Kilkenny took full advantage of a depleted Dublin team at Croke Park as they quietly but effectively ground down their opponents to record a comfortable win and pick up their 73rd Leinster senior hurling title in the process.

Dublin started the day as underdogs but the news that four players, including corner back Cian O'Callaghan and full-forward Ronan Hayes, were ruled out due to contact with Covid.

Add in Eoghan O’Donnell’s withdrawal from the crucial full-back berth after just three minutes, and Mattie Kenny was already forced to go deep into the well of players that he might have expected to play specific roles later in the game.

In that context, it seemed like no coincidence that on a warm evening that was likely to sap the energy from the legs of any player regardless of conditioning, Kilkenny turned the screw over the last 20 minutes.

Four of their five subs scored from play, with Walter Walsh, somewhat surprisingly, failing to complete the flush.

Dublin simply didn’t have the depth to compete and once Johnny Murphy stretched his arms out to award a penalty for Jake Malone’s foul on Alan Murphy on the hour mark, Kilkenny’s sixth successive championship win over the Dubs was done and dusted.

TJ Reid fired the sliothar into the bottom corner of the net with precision, Jake Malone was forced to watch the next ten minutes from the sin bin, and Kilkenny eased over the line as a result.

To lose so comprehensively was rough justice for the Dubs, who brought their share of blood and thunder to the fixture, crashing into tackles and holding their own in the contest for loose possession.

They competed well under the Kilkenny puckout and set up plenty of chances, but their accuracy deserted them, particularly in the first half when they shot eight wides, including two goal chances.

Neither was particularly clear cut – Chris Crummey tried to find the bottom corner of the net from 15 metres out but pulled his effort wide of the target by a couple of metres, while Cian Boland was under heavy pressure from Huw Lawlor when he tried to bat the ball in from a tight angle, only to see the sliothar nestle into the side net on the wrong side of the near post.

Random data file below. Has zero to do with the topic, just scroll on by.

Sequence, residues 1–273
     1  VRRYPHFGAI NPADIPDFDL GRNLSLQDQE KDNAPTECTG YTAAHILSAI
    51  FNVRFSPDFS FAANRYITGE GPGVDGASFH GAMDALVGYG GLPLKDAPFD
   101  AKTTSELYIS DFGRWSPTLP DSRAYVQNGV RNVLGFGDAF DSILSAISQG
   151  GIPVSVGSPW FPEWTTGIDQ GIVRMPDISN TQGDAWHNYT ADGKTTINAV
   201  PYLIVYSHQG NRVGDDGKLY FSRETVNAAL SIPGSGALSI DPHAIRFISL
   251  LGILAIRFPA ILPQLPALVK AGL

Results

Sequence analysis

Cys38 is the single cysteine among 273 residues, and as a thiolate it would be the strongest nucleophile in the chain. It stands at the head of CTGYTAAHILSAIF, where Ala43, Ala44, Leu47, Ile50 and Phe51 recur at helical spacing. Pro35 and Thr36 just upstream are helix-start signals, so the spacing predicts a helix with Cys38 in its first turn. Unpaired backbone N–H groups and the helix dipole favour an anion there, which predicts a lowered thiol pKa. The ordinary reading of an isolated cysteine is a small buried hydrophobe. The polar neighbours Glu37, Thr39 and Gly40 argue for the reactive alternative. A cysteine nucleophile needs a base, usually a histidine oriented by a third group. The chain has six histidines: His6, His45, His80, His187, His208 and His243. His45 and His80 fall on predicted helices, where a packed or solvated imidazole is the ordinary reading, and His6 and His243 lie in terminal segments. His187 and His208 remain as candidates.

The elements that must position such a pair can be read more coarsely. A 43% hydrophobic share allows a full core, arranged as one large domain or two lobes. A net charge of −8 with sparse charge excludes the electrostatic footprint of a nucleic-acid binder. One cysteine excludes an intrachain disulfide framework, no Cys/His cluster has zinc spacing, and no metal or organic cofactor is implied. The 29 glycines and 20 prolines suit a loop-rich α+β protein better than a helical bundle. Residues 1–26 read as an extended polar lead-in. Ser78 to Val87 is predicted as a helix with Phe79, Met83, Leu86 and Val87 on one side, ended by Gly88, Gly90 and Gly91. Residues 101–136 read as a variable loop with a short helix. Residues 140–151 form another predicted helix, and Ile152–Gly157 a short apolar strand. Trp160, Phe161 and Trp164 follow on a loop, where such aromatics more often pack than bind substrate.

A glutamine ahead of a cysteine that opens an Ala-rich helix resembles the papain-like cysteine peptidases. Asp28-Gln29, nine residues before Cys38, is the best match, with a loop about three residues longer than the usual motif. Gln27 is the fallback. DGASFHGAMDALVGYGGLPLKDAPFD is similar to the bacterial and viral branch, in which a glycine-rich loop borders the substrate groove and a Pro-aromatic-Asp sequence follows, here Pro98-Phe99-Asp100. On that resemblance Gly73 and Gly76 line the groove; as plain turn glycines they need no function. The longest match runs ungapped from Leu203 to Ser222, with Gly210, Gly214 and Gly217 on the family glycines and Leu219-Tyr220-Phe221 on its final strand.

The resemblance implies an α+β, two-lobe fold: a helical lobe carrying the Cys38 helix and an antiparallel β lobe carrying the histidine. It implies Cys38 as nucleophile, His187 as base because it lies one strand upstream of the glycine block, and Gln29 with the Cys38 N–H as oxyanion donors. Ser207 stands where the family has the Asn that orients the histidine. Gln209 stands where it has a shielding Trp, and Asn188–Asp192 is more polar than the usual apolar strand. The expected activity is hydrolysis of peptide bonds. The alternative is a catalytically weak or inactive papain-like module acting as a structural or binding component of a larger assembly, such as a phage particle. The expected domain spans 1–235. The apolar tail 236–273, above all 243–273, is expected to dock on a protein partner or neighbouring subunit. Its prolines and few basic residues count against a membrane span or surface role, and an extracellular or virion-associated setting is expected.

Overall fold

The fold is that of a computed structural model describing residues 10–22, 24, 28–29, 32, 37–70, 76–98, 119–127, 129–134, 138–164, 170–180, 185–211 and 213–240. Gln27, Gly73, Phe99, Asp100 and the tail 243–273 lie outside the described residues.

Even freetaker Donal Burke suffered from the malaise as he was guilty of a couple of misses that were entirely out of character.

Kilkenny didn't threaten Alan Nolan’s goal to the same degree in the first half, but their performance was as efficient and direct as we’ve come to expect.

Adrian Mullen and Martin Keoghan picked off good points from distance, TJ Reid was unerring from dead balls, while James Maher took full advantage of his late call up to the side with an excellent performance that featured three points in total, including one just before half time that helped to make it 0-12 to 0-9 in Kilkenny’s favour at half time.

Dublin’s best play came in a ten-minute spell up to the half hour when they fired four points without reply, Chris Crummey picking off two of them.

Danny Sutcliffe also gave their supporters something to cheer when he produced a magical score, lifting the ball over Maher on a solo run before looping around to collect and finish.

A TJ Reid free got the scoring under way after half-time, Donal Burke and Riain McBride pointed in the space of 60 seconds to cut the gap back to two, but gradually Kilkenny started to impose themselves on the game, with Reid increasingly influential.

He pointed a 65, fed Martin Keoghan close to goal who in turn forced a good save out of Nolan, then won a free in the right corner which he converted himself to push the lead out to five points, 0-17 to 0-12.

The next score was just one more point, but it seemed crucial. Danny Sutcliffe attempted to go on one of his trademark solo runs out of defence, but James Maher was exquisite in his timing as he slapped the sliothar loose and enabled James Maher to split the uprights from 60 metres out.

Maher picked off two more, James Bergin came off the bench to fire a point with his first puck and soon followed up with a second, while Cillian Buckley and Michael Carey all got in on the act – but in the middle of all that, a penalty from TJ Reid was the moment when the contest was well and truly settled.

Alan Murphy drove in on goal, meeting a crowd of Dublin tacklers.

After he went to ground, referee Johnny Murphy picked out Jake Malone and duly sin binned the Cuala man, leaving Dublin down to 14 men for the remainder of normal time.

TJ Reid’s penalty was inch-perfect, and while Dublin actually got five of the eight points that were scored after that, there was never a danger of Kilkenny’s lead coming under any real pressure.

Kilkenny: Eoin Murphy; Tommy Walsh, Huw Lawlor, Paddy Deegan; James Maher (0-03), Pádraig Walsh, Conor Browne; Richie Reid, Richie Leahy; Billy Ryan, Martin Keoghan (0-02), Adrian Mullen (0-02); John Donnelly (0-01), TJ Reid (1-10, 0-08 frees, 1-00 pen, 0-01 65), Eoin Cody (0-01).

Subs: Michael Carey (0-01) for Browne (25), Alan Murphy (0-02) for Leahy (half-time), Cillian Buckley (0-01) for R Reid (46), Walter Walsh for Ryan (47), James Bergin (0-02) for Cody (64)

Dublin: Alan Nolan (0-01 free); Paddy Smyth, Eoghan O’Donnell, Andrew Dunphy; James Madden, Liam Rushe, Daire Gray; Riain McBride (0-01), Conor Burke; Danny Sutcliffe (0-02), Chris Crummey (0-02), Donal Burke (0-10, 0-08 frees); Cian Boland (0-01), Mark Schutte, Cian O’Sullivan.

Subs: Seán Moran for O’Donnell (3), Jake Malone for Gray (15, temp), Paul Crummey for Schutte (half-time), Jake Malone (0-01) for Moran (51), Davy Keogh (0-01) for O’Sullivan (53), Seán Currie for Boland (59, temp), David Treacy for O’Sullivan (70).

Referee: Johnny Murphy (Limerick)